1947  The General Agreement on Tariffs and Trade (GATT), which was the foundation of the World Trade Organisation (WTO), is founded.

1950  Pope Pius XII witnessed “The Miracle of the Sun” while at the Vatican.

1953  Cold War: U.S. President Dwight D. Eisenhower formally approved the top secret document National Security Council Paper No. 162/2, which stated that the United States’ arsenal of nuclear weapons must be maintained and expanded to counter the communist threat.

1960 Diego Maradona, Argentine footballer, was born.

1960  Michael Woodruff performed the first successful kidney transplant in the United Kingdom at the Edinburgh Royal Infirmary.

1961   The Soviet Union detonated the hydrogen bomb Tsar Bomba over Novaya Zemlya; at 58 megatons of yield, it is still the largest explosive device ever detonated, nuclear or otherwise.

1961 – Because of “violations of Lenin’s precepts”, it was decreed that Joseph Stalin‘s body be removed from its place of honour inside Lenin’s tomb and buried near the Kremlin wall with a plain granite marker instead.

1970  In Vietnam, the worst monsoon to hit the area in six years causes large flooded, kills 293, leaves 200,000 homeless and virtually halts the Vietnam War.

1972   A collision between two commuter trains in Chicago, Illinois killed 45 and injured 332.

1973   The Bosporus Bridge in Istanbul, Turkey was completed, connecting the continents of Europe and Asia over the Bosporus for the first time.

1974  The Rumble in the Jungle boxing match between Muhammad Ali and George Foreman took place in Kinshasa, Zaire.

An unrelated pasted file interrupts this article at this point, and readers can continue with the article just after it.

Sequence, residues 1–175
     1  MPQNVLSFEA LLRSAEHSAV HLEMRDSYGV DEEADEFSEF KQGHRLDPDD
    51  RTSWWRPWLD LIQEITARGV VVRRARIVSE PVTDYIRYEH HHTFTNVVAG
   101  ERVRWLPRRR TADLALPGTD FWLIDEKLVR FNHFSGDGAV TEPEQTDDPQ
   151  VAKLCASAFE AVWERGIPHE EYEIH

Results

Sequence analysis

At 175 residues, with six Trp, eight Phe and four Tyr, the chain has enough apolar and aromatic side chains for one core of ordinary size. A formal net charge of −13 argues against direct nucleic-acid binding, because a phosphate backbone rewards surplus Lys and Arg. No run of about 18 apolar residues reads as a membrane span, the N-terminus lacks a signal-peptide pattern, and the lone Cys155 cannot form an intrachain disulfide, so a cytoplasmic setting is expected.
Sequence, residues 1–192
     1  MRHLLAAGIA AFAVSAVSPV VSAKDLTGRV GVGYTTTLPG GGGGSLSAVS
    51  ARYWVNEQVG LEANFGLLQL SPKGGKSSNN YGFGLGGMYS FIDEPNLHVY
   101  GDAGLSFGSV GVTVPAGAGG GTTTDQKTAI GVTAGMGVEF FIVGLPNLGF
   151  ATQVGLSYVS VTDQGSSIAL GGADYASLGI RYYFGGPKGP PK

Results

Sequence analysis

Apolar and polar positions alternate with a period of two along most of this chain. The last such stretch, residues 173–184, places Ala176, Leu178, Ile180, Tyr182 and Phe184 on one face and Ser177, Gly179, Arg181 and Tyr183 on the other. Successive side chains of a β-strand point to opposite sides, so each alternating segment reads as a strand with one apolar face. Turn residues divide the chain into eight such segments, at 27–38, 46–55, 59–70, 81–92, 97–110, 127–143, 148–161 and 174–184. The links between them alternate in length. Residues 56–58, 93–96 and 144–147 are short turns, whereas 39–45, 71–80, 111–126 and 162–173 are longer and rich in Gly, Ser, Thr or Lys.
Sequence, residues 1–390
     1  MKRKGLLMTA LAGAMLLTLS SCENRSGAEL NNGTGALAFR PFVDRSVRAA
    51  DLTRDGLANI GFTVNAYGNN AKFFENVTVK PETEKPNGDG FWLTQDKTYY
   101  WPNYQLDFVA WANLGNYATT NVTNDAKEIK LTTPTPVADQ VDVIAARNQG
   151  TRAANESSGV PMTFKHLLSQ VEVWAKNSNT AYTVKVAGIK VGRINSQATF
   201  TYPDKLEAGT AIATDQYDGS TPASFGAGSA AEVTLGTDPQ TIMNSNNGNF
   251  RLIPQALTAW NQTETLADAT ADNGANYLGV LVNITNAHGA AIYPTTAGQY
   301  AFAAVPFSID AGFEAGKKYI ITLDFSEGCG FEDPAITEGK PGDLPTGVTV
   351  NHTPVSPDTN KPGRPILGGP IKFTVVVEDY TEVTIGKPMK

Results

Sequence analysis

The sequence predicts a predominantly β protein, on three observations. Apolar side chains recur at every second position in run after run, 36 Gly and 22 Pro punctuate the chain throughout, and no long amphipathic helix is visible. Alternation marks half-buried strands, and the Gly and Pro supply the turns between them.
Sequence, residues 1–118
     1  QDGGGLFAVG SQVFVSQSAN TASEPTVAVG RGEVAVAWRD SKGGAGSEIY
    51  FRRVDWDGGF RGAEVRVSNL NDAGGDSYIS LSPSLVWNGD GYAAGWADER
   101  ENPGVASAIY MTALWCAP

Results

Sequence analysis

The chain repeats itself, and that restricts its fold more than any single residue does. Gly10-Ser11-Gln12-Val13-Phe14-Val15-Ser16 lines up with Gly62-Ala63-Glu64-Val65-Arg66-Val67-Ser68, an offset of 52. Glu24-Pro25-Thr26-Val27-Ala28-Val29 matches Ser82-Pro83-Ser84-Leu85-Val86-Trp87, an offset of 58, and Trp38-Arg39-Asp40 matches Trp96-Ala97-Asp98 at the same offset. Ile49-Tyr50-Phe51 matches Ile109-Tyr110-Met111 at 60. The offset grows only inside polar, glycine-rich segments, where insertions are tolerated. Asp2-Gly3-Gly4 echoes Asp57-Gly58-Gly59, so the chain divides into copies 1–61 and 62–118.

1975  Prince Juan Carlos became Spain’s acting head of state, taking over for the country’s ailing dictator, Gen. Francisco Franco.

1980  El Salvador and Honduras signed a peace treaty to put the border dispute fought over in 1969′s Football War before the International Court of Justice.

1983  The first democratic elections in Argentina after seven years of military rule.

1985  Space Shuttle Challenger lifted off for mission STS-61-A, its final successful mission.

1987   In Japan, NEC released the first 16-bit home entertainment system, the TurboGrafx-16, known as PC Engine.

1991   The Madrid Conference for Middle East peace talks opened.

1993  Greysteel massacre: The Ulster Freedom Fighters, a loyalist terrorist group, open fire on a crowded bar in Greysteel. Eight civilians were killed and thirteen wounded.

1995  Quebec sovereignists narrowly lost a referendum for a mandate to negotiate independence from Canada (vote is 50.6% to 49.4%).

2000   The last Multics machine was shut down.

2002  British Digital terrestrial television (DTT) Service Freeview begins transmitting in parts of the United Kingdom.

2005  The rebuilt Dresden Frauenkirche (destroyed in the firebombing of Dresden during World War II) was reconsecrated after a thirteen-year rebuilding project.

Sourced from NZ History Online & WIkipedia